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Truth be told, this foam isn’t the same high-density acoustic foam that I originally had in mind.  But it is dense enough to do the job and was not too expensive.  I brought the sheets home along with some plastic fiberboard then started constructing the acoustic screen.  The idea was to measure carefully so the the two panels would hinge closed with the foam fitting together like crocodile’s teeth.  This way, it folds up flat, allowing for compact storage when not in use.

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After about an hour’s work, I had everything fitting together neatly.  The noise reduction is much better than the pillows I was using before and I don’t have any problems with them collapsing mid-recording.  One more thing I did to improve the quality of the recordings was to purchase a better quality microphone. 

Previously, I was using basically any random microphone you could plug into your computer, just like the ones you might use to talk on Skype.  After some research, I settled on a Snowball USB microphone from Blue Microphones.  This condenser mic has both omnidirectional and cardioid modes and produces professional quality sound.  Pairing that with a pop screen and the acoustic screen and my recordings have improved many times over.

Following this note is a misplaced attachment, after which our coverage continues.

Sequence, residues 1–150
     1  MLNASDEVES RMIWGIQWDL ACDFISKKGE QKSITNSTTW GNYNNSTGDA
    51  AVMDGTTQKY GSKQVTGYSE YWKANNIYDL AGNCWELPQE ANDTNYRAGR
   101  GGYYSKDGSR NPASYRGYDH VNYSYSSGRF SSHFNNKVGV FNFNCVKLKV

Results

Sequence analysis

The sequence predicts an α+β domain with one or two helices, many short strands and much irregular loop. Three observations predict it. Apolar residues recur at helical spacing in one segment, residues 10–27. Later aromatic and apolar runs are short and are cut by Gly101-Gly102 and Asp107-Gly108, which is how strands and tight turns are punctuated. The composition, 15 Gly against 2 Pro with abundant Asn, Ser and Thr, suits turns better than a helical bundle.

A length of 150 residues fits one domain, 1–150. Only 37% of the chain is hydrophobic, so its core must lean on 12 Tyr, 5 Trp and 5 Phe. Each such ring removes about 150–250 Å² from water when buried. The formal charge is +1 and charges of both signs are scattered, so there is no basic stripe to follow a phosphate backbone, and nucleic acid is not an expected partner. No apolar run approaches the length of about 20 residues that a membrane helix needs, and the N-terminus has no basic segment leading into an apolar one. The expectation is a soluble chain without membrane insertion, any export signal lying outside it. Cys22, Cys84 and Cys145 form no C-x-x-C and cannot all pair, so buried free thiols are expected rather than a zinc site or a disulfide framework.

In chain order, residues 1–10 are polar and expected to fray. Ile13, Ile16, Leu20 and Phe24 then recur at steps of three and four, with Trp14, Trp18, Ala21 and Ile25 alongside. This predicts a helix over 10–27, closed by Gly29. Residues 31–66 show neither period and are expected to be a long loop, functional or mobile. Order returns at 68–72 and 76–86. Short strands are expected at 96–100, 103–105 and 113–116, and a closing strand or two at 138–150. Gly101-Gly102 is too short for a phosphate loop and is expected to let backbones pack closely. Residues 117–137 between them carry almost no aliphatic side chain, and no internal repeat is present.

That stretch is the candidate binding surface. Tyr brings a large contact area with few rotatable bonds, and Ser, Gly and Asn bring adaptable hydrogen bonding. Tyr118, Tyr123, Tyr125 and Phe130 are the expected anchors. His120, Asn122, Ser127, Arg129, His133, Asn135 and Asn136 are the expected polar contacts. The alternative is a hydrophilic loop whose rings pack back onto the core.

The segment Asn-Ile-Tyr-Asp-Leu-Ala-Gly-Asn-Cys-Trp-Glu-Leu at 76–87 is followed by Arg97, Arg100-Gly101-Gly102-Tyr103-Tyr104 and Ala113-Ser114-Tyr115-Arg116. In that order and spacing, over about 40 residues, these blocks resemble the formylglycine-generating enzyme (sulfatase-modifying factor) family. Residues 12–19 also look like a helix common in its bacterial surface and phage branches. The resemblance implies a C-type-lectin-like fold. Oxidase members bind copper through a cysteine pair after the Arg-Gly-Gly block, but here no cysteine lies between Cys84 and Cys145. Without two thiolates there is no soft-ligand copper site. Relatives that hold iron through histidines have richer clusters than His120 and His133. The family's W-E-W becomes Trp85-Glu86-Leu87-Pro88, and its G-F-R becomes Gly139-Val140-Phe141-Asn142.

Another project checked off the list!

 

Shower Retiling Project

This past Monday we started a long overdue tiling project.  For the past three years, ever since our remodel was complete and we moved into our condo, the lowest point in our shower has not been the drain.  For a variety of reasons, the original contractor seemed unable to construct a well thought-out shower and his workers were unable to install marble tiles on the proper angles to ensure drainage.